Big companies are also feeling the pain. London-based Unilever – maker of Dove soap and Hellmann’s mayonnaise – said it has contracts for key ingredients like palm oil for the first half of the year. But he warned investors that his costs could rise significantly in the second half.

Cargill, a global food giant that makes vegetable oils, said its customers are switching formulas and experimenting with different types of oils at a higher rate than usual. This can be tricky as oils have different properties; olive oil burns at a lower temperature than sunflower oil, for example, while palm oil is more viscous.

Prices could moderate by this fall, when farmers in the northern hemisphere harvest corn, soybeans and other crops, said Joseph Glauber, senior fellow at the International Food Policy Research Institute. But there is always the danger of bad weather. Last year, drought ravaged the canola crop in Canada and the soybean crop in Brazil, while heavy rains hurt palm oil production in Malaysia.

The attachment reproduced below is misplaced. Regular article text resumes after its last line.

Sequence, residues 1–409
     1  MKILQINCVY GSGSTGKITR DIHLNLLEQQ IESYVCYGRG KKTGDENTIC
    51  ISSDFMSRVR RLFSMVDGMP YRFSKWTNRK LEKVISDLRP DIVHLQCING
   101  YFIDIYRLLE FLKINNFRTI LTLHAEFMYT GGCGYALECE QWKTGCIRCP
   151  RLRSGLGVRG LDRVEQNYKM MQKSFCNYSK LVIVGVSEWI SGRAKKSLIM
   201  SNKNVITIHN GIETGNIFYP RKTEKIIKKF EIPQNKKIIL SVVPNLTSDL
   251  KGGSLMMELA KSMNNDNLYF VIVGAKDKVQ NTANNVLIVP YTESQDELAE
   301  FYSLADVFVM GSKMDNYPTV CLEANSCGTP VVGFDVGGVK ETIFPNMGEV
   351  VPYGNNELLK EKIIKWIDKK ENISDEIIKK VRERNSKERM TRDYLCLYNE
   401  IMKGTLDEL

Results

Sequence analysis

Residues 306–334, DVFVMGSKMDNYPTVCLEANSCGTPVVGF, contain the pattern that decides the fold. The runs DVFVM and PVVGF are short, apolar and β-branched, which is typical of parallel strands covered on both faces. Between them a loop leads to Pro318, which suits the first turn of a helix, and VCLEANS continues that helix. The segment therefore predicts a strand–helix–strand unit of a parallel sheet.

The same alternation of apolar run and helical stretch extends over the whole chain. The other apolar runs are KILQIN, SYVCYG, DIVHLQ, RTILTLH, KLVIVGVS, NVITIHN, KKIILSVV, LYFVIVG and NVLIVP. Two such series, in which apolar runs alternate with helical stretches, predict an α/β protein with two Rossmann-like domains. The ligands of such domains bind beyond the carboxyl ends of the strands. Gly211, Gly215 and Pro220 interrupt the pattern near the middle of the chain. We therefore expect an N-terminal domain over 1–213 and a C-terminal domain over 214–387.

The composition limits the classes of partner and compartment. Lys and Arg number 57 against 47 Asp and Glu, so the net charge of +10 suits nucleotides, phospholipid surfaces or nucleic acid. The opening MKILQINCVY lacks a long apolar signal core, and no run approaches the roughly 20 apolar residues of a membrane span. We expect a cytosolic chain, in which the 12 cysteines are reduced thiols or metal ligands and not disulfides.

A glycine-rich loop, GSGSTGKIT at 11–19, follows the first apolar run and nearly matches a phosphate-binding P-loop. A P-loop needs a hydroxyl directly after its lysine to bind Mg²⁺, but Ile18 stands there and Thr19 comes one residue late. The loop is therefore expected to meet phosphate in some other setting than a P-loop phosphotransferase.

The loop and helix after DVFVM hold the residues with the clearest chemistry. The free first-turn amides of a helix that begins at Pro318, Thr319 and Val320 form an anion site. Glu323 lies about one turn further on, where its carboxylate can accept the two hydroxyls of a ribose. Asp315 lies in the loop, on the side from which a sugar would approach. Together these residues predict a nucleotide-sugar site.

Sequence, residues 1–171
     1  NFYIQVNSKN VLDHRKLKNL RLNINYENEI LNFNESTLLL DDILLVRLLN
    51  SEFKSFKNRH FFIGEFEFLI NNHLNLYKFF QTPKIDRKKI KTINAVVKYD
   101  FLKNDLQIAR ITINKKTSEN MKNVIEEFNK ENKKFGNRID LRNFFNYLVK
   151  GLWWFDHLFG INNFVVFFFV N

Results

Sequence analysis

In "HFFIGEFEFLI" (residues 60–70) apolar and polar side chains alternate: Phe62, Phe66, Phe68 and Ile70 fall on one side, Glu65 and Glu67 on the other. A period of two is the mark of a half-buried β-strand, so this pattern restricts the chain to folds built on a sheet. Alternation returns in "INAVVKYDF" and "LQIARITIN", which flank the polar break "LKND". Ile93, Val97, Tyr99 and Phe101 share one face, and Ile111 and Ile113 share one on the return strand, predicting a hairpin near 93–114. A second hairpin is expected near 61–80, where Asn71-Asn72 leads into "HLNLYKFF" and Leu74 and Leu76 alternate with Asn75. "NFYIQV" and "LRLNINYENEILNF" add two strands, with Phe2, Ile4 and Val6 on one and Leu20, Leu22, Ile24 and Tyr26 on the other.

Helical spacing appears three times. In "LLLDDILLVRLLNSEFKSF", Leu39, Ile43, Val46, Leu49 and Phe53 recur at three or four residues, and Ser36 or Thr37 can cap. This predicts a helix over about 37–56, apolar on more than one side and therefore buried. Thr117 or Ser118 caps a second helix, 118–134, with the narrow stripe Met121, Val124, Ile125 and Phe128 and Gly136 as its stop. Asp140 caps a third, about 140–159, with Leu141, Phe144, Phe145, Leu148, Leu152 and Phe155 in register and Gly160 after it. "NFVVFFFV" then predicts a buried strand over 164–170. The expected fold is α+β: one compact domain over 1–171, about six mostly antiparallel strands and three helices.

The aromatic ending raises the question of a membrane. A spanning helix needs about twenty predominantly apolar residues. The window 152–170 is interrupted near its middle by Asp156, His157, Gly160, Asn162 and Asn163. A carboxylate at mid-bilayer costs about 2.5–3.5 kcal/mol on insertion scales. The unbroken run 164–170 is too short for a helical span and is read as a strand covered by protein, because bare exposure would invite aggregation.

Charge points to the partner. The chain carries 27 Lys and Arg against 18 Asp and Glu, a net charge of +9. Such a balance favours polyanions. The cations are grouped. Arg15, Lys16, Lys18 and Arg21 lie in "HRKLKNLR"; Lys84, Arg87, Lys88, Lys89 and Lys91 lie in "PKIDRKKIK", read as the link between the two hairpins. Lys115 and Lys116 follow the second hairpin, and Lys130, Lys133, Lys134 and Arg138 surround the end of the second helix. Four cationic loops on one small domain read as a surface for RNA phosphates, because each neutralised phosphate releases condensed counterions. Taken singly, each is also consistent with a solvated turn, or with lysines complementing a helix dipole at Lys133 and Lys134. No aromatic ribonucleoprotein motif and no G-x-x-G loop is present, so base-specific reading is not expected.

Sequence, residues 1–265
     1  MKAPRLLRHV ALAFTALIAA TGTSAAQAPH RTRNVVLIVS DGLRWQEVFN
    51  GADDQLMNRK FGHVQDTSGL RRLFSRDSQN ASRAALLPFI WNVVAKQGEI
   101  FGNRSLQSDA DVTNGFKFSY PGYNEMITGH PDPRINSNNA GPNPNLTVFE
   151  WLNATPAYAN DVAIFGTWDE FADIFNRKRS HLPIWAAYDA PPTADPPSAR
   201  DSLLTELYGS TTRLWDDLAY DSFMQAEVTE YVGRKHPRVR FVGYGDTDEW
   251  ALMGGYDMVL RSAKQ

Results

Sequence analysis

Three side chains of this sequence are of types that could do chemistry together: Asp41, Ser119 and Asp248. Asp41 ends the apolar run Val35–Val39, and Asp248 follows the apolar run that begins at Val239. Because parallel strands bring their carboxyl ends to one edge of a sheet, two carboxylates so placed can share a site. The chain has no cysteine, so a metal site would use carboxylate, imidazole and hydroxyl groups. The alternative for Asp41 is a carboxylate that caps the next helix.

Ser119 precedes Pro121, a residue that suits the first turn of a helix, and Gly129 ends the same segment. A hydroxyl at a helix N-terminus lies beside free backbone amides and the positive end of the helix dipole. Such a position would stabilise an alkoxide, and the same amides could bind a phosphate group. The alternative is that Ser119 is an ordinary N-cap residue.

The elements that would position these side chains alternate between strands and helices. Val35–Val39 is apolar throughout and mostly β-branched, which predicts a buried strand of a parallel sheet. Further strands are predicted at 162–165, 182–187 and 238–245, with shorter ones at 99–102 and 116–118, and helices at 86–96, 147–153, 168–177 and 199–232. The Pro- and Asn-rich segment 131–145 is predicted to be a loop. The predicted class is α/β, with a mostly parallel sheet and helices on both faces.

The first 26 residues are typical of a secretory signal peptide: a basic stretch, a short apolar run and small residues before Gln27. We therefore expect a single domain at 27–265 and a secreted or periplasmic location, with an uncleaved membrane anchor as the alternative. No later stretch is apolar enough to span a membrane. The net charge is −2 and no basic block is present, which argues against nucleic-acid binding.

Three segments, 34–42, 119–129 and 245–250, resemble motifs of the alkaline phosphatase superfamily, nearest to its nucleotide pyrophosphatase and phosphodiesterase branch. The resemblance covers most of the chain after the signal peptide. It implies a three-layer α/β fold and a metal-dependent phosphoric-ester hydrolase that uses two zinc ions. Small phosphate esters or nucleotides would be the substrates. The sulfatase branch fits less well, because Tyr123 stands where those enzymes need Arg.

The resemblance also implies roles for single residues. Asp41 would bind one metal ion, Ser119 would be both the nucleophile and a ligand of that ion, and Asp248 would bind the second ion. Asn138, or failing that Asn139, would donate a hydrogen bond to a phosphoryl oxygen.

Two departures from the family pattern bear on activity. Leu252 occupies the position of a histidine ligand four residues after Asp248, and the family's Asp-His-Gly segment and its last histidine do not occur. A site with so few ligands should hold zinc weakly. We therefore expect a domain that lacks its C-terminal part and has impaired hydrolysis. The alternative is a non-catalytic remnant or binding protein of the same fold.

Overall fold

Farmers may be hesitant to plant enough crops to make up for shortages in Ukraine or Russia because they don’t know when the war might end, said Steve Mathews, co-director of research at Gro Intelligence, a research firm. agricultural data and analysis.

“If there was a ceasefire or something, we would definitely see prices go down in the short term,” he said.

In the longer term, the crisis could cause countries to reconsider biofuel mandates, which dictate the amount of vegetable oils to be blended into fuel in a bid to reduce emissions and energy imports. In the United States, for example, 42% of soybean oil is destined for the production of biofuels, Glauber said. Indonesia recently delayed a plan to require 40% palm oil-based biodiesel, while the European Commission said it would support member states that choose to reduce their biofuel mandates.

In the meantime, consumers and businesses are struggling.